As a server with group-based roleplay, I’ve decided to compile a list of tips to help people improve their roleplay skills. I learned a lot just by researching topics from this list, so give it a read. If the text is intimidating, try just reading the headings and see what you get out of that.

  1. Focus on the story.
    1. Your primary focus should be on the quality of roleplay, not on your character’s motivations, goals, and plans. Sure, you can have plans, but if you’re only in it for your own gain, you’ll become disappointed and nobody will have fun. Make them able to grow according to what happens around them.
  2. Make a useful character.
    1. You can play someone fun, memorable, and original without needing to be a badass who always gets their way. If they don’t get along in groups pretty well, maybe rethink the purpose and place of your character. Take control of them. Don’t use them as an excuse to sit in a tree or on a bench all day and do nothing. Your character will screw up sometimes. That’s fine. I probably won’t have them killed.
  3. Make a proactive character.
    1. Stop making passive characters. People rarely want to be involved with them unless their story is clear and accessible. These types of characters don’t do very well in most situations. Find something to add to every situation. Instead of “no, that won’t work”, try “yes, and …” and fill in the gaps. If the situation is serious, use a little more discretion and wisdom, but try to contribute ideas and develop poor plans into good plans, rather than stopping the flow. Don’t kill the story.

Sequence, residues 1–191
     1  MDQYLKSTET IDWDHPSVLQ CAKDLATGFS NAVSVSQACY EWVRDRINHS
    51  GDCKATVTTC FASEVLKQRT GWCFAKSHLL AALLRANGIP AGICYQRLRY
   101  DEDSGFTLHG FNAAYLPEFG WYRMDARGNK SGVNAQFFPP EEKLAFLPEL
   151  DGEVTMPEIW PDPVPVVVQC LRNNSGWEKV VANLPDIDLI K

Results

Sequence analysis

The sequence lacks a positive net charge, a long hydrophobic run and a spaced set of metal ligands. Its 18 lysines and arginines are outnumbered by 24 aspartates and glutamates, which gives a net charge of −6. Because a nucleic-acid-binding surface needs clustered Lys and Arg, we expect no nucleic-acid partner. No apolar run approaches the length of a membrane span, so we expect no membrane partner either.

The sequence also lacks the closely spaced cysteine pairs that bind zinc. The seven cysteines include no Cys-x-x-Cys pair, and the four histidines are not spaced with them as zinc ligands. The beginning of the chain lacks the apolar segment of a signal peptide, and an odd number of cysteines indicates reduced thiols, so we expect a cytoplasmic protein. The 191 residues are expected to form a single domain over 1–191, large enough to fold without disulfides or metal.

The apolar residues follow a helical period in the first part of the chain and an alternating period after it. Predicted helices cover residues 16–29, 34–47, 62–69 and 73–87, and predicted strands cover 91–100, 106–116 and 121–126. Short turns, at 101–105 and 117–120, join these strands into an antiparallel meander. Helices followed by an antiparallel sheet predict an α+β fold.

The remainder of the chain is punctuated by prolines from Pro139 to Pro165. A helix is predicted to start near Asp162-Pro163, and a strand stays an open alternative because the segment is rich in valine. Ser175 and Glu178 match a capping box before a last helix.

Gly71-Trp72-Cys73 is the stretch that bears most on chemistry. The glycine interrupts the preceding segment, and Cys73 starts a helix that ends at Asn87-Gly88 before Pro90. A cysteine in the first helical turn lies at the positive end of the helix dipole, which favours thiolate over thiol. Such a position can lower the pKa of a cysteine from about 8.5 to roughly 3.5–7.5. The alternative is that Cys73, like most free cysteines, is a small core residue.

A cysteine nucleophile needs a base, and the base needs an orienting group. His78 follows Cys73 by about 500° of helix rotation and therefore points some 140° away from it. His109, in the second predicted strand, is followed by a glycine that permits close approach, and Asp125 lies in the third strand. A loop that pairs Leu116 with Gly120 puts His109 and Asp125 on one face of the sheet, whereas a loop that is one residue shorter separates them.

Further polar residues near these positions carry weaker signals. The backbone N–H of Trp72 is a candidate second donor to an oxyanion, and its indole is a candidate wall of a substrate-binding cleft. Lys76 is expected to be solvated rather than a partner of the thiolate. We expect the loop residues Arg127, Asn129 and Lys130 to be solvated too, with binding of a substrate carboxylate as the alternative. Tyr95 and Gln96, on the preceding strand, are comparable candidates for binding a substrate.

4. Separate yourself from your character.
    1. Role-playing means you’re playing a role. You are still you, and you’re the one in charge. Think from the point of view of your character but don’t let the old “my character would/wouldn’t …” stop you from being creative. And remember, there’s nothing wrong with making a mistake and dying because of it, because it was your character’s mistake, not your mistake. If things are getting heated and something is making you angry, don’t take it out on someone in character. If it’s serious, ask to pause the roleplay and sort the situation out. If it’s not serious, move on.
  5. Don't roleplay beyond your means.
    1. It's fine to want to make a character who is very different from you. They may be way more charismatic, or really clever, or some kind of genius, but if you don't have these skills in real life, it's going to be really difficult. All members are expected to improvise roleplay on the spot and if you can't improvise skills you don't have, you're gonna have a bad time.
  6. Ask for help and be helpful.
    1. Want roleplay? Got ideas? Want ideas? Ask. Bring up recent things you’ve learned in roleplay over Teamspeak and ask what others think about them. Don’t keep absolutely everything to yourself (because they’re not allowed to use OOC info IC anyway). Ask for some clues or an easier quest. Ask for a battle or offer to build a quest. This is meant to be fun and challenging for everyone.
  7. Be appropriate with rules.